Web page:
Barmouth Bathhouse week 2 full image

So, considering I thought that the sky and foreground sand were the most successful elements last week, I think they’re the weakest elements this week – hence the swings and roundabouts of the title! Overall however, I think this is a much better considered and realised image. I think the composition is much stronger and some elements, the buildings, reflections, boats and masts etc are quite successful. There’s also a much greater sense of depth and recession.

Even though I think I may come back to this another day, I feel happy enough for now to leave this alone and look for another subject to paint – even though it may be another of Barmouth Beach! I’m not sure how many paintings constitute a series, but I now have two of Barmouth Beach that I’m relatively content with and am sure I’ve another image that I think would work well somewhere!

Actually, on second thoughts, I will definitely try for something different; I can’t expect everyone to share my fondness for this view!

I’ll leave you with some comparisons to compare and contrast from the past two weeks and, as ever, I’d welcome any feedback and thoughts on these paintings.

Barmouth Bathhouse week 1 full image
Barmouth Bathhouse week 2 full image
Barmouth Bathhouse week 1 narrow crop
Barmouth Bathhouse week 2 narrow crop

Thoughts on Swings and Roundabouts 

13 thoughts on “Swings and Roundabouts ”

  1. This was so interesting hearing about your process. Your work is lovely. I have to say that I prefer the painting from week 1, cropped. I like the richer, warmer colors. The second one looks washed out to me. Most here seem to like the second better, so go with your gut. Either way, both lovely.

    1. Hi Deborah and thanks so much for this. As you might have gathered, I feel I learn a great deal from tackling the same subject a few times over. Each time I seem to correct some mistakes, and make entirely new mistakes. The outcome is usually that I end up with similar, but very different paintings and there are usually elements in each that I like – and these paintings are no exception. I feel like I’m striving toowards a balance in one single painting between what I’m currently achieving across two paintings. This is usually a freedom and spontaneity in the first effort, with a greater sense of control and refinement in the second effort – which often comes at the expense of the freedom and spontaneity! I’m really looking forward to the day when I do one painting, and am sufficiently satisfied with it (I know I’ll never by totally happy with a painting!) to leave it at that and move straight on to another subject!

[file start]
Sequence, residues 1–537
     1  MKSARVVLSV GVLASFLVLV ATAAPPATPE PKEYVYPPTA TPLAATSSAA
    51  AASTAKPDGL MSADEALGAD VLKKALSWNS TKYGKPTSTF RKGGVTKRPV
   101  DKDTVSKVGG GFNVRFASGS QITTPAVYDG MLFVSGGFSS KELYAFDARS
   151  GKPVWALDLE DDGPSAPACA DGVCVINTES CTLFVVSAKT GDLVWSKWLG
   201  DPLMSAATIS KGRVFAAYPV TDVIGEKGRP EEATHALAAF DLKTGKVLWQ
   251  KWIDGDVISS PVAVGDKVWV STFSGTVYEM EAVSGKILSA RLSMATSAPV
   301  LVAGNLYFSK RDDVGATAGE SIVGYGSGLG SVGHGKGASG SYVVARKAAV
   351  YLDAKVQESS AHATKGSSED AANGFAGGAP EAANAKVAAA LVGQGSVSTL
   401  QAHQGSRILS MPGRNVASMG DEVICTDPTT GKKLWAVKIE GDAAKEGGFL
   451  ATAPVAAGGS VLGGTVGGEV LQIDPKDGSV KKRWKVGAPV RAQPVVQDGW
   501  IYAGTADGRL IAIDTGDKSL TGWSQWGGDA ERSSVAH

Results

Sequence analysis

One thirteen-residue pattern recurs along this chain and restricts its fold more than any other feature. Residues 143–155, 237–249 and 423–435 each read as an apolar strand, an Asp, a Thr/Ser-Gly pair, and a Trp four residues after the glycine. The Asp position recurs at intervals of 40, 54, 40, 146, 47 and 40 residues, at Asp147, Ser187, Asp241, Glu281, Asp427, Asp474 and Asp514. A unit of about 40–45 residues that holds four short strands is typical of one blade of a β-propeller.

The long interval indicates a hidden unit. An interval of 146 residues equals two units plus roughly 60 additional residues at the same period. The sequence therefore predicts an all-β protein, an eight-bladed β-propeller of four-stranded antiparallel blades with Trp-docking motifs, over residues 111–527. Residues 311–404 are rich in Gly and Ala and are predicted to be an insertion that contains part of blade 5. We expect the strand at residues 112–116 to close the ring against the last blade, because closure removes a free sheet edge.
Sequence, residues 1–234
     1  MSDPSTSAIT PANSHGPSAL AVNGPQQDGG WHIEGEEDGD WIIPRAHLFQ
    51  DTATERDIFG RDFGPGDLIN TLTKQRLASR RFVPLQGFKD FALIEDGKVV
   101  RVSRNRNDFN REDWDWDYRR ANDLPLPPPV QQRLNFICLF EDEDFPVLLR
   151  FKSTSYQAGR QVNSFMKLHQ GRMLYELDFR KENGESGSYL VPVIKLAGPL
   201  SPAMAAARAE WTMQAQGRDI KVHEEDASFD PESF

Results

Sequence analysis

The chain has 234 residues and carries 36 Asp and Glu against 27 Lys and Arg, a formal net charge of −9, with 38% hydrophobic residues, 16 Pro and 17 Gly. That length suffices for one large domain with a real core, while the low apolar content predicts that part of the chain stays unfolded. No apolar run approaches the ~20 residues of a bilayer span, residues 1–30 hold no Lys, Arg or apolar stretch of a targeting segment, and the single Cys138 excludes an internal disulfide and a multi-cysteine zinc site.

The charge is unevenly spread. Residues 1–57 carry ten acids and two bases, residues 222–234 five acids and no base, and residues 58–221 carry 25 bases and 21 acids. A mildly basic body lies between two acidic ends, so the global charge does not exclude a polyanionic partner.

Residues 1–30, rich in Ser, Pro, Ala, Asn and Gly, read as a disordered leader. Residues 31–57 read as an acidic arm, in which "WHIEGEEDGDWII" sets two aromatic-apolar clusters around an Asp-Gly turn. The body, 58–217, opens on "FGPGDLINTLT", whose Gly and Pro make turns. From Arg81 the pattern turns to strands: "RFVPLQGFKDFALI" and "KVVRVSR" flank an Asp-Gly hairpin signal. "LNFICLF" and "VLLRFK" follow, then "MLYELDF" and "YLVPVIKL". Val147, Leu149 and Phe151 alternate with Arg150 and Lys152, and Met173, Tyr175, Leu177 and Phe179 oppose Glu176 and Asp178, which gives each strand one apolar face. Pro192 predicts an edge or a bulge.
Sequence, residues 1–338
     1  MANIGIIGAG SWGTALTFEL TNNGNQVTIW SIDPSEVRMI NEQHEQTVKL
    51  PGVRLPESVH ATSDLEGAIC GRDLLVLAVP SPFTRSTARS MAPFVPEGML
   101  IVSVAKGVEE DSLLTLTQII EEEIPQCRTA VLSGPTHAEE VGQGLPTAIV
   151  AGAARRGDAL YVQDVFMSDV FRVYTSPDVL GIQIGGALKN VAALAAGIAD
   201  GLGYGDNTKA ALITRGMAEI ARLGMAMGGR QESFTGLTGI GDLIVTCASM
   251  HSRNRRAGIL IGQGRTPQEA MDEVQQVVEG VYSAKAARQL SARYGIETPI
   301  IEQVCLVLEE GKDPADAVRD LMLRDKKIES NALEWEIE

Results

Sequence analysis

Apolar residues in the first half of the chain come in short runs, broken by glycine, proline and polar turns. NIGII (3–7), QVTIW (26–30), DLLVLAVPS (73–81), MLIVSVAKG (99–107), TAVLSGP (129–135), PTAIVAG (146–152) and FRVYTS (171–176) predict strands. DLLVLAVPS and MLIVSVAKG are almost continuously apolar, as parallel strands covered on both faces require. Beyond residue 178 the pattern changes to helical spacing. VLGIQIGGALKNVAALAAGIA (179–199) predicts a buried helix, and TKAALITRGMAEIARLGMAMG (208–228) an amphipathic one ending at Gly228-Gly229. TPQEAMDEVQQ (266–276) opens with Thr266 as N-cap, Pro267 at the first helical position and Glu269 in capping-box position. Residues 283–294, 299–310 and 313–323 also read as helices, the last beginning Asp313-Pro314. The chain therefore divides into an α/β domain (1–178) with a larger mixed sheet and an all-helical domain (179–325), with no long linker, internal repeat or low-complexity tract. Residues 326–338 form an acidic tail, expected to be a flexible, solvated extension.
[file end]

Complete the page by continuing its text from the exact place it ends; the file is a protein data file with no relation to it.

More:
1. I’m glad to hear that. I’ve been wanting to repaint some of mine too. It’s good to know that other artists find the practice worthwhile. Do you ever copy other artists, just to see if you can create the same effects they do? I know the old masters all started off like that, or so I’ve heard, copying the masterworks of their time. Maybe all artist do that. I’ve been creating what I call “studies” of painters/paintings I admire. Not exact copies but trying to capture something of the flavor and technique. Most of them have been oils, so it’s been interesting to see if I can create similar effects with watercolor that they do with oil. Anyway, I’m finding all this so fascinating as a new painter, and it’s great to hook up with others who have been doing this longer and with so much success.